Singapore’s inflation hits eight-month high
Inflation here jumped to an eight-month high last month, caused mainly by a spike in certificate of entitlement (COE) prices.
Inflation rose by 4.9 per cent last month from a year earlier, a sharp jump from January’s 3.6 per cent, the Monetary Authority of Singapore (MAS) and Ministry of Trade and Industry (MTI) said yesterday.
This was the highest year-on-year increase since the 5.3 per cent in June last year.
Private road transport costs, fuelled by rising COE prices, surged 17.4 per cent last month. This alone accounted for more than two-thirds of the 1.3 percentage point rise in overall inflation last month, noted MAS and MTI.
DBS economist Irvin Seah said: “The COE premiums on average were about 25 per cent higher than they were back in the same period last year.”
Most economists tip overall inflation to ease in the coming months, if COE premiums continue to weaken as a result of curbs on car loans introduced late last month.
Deputy Prime Minister and Finance Minister Tharman Shanmugaratnam told Parliament recently in his Budget round-up speech that the curbs were necessary to keep a lid on inflationary pressures and rein in borrowing by car buyers.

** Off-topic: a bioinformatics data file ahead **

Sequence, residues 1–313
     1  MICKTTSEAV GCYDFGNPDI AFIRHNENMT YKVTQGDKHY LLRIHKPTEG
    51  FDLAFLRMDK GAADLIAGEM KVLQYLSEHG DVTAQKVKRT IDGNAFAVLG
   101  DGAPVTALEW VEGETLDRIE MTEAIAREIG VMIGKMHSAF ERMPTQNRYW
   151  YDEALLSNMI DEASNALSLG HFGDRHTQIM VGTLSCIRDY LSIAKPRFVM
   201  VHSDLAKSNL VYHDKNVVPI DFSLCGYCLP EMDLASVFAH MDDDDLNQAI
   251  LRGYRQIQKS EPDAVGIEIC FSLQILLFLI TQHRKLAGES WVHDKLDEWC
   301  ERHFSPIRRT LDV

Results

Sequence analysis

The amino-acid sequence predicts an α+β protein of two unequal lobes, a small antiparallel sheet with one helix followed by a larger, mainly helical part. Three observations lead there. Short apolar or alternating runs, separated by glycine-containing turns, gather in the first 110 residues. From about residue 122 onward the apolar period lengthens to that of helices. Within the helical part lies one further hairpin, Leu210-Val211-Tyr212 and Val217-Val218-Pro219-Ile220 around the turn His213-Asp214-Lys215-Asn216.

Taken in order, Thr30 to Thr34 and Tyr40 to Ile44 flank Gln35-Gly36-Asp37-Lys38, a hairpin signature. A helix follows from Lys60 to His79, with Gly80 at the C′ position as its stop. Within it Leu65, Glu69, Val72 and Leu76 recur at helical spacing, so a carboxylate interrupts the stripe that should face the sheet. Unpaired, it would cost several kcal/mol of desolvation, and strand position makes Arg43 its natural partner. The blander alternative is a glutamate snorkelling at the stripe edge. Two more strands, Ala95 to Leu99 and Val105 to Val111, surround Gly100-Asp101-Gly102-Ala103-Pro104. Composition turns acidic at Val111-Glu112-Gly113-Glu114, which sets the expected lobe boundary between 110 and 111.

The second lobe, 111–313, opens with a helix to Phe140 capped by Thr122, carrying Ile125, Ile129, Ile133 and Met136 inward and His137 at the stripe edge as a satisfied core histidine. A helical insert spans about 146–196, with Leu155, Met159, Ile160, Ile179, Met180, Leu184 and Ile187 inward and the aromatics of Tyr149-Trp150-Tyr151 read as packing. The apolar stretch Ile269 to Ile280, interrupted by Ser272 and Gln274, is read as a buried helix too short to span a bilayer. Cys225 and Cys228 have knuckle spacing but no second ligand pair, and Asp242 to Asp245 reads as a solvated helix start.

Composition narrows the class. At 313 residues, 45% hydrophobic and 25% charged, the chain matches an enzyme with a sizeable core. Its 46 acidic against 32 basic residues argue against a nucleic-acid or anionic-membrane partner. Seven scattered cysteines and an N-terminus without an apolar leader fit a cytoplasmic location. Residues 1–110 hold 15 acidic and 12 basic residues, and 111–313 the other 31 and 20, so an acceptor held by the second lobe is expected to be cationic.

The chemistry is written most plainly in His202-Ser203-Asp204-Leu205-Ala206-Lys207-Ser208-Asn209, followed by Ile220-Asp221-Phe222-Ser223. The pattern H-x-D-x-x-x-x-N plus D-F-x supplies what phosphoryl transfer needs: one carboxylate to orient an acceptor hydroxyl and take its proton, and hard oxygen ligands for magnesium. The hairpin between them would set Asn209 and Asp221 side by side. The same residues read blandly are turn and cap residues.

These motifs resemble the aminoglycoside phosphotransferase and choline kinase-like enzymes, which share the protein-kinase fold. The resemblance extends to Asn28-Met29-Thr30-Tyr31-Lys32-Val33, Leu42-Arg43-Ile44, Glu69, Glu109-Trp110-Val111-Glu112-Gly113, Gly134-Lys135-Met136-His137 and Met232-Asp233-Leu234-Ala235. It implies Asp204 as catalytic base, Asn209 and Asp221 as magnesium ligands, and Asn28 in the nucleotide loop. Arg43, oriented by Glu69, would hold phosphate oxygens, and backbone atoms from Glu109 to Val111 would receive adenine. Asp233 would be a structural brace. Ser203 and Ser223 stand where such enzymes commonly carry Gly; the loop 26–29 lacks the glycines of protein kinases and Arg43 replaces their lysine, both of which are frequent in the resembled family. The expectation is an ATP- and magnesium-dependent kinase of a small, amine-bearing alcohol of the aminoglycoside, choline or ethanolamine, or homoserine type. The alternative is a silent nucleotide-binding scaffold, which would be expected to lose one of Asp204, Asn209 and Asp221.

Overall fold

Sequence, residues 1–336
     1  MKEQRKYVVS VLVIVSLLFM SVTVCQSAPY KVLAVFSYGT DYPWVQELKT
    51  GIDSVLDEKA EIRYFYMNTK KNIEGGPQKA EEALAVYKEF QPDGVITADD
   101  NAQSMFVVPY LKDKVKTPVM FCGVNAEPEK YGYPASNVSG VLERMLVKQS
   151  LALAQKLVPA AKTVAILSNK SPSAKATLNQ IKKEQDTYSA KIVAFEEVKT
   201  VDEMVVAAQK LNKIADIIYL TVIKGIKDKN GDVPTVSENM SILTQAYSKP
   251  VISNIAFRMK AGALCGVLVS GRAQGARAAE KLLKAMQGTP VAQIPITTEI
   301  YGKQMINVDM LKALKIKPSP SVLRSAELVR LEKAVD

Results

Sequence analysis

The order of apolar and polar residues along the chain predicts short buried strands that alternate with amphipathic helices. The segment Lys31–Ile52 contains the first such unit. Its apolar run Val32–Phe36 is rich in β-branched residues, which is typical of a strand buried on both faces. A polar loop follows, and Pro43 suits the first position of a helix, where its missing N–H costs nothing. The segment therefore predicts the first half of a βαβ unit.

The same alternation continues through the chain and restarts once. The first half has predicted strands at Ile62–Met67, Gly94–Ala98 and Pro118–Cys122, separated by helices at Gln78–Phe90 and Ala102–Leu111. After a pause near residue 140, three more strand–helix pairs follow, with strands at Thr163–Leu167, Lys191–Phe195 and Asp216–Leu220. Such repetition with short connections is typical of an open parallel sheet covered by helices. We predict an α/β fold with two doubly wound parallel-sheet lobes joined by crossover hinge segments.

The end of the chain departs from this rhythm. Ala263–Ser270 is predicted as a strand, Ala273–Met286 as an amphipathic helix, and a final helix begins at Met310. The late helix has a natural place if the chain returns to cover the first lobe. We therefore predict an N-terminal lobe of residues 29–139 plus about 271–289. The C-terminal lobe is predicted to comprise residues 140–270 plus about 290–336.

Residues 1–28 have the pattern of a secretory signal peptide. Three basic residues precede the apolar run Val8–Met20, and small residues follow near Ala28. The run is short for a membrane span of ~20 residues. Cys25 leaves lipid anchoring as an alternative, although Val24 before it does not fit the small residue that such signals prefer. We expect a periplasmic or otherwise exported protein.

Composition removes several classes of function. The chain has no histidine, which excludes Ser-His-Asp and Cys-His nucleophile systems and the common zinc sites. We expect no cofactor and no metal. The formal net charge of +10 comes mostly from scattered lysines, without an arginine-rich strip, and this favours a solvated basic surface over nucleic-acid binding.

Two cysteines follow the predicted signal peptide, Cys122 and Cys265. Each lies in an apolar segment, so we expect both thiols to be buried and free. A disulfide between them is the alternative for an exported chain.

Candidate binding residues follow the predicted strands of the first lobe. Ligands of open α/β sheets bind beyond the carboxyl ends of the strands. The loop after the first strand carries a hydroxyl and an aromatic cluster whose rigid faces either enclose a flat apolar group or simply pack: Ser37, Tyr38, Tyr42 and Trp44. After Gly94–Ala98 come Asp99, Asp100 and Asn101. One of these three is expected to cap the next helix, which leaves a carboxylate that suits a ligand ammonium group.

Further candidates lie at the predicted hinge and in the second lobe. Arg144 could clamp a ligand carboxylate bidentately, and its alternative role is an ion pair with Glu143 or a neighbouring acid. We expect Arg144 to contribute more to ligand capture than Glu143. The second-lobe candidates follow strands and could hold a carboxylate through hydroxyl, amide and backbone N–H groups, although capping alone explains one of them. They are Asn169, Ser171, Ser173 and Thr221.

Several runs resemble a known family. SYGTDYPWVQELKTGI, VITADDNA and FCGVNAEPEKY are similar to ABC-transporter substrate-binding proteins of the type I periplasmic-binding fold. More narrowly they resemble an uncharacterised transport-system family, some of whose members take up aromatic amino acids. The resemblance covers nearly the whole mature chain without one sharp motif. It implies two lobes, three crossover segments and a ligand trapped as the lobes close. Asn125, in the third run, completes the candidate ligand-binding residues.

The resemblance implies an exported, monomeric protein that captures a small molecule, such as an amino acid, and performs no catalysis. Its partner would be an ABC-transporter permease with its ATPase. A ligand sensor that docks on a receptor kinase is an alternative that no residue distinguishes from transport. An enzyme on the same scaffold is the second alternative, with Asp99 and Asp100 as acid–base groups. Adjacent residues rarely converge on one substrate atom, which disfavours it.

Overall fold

CIMB economist Song Seng Wun said: “The good news is that February’s inflation is likely the peak for this year.”
UOB economist Francis Tan said: “The lagged impact from slower economic growth over the past few quarters in Singapore may further ease price pressures.”
But MAS and MTI warned that the persistent tight labour market will result in wage increases this year, some of which will be passed on to consumers through higher prices.
Singapore Business Federation chief operating officer Victor Tay said: “The No. 1 concern has been rising business costs, such as rental and manpower costs. We expect transport costs to moderate, given the recent Budget measures.”
MAS and MTI added that core inflation, which excludes accommodation costs and private road transport prices, rose to 1.9 per cent last month from 1.2 per cent in January.
Another measure of inflation – consumer price index less imputed rentals on owner-occupied accommodation – rose 4.6 per cent, reflecting higher private road transport costs.
Food cost inflation was higher at 2.3 per cent, up from January’s 1 per cent, as Chinese New Year fell in February.
But the rise in accommodation costs eased to 5.9 per cent compared with the previous month’s 6.1 per cent, as market rents saw a slightly smaller increase.
MAS and MTI kept this year’s full-year inflation forecast at between 3.5 per cent and 4.5 per cent.
MAS is tipped to maintain a policy allowing a modest and gradual appreciation of the Singapore dollar at next month’s policy meeting.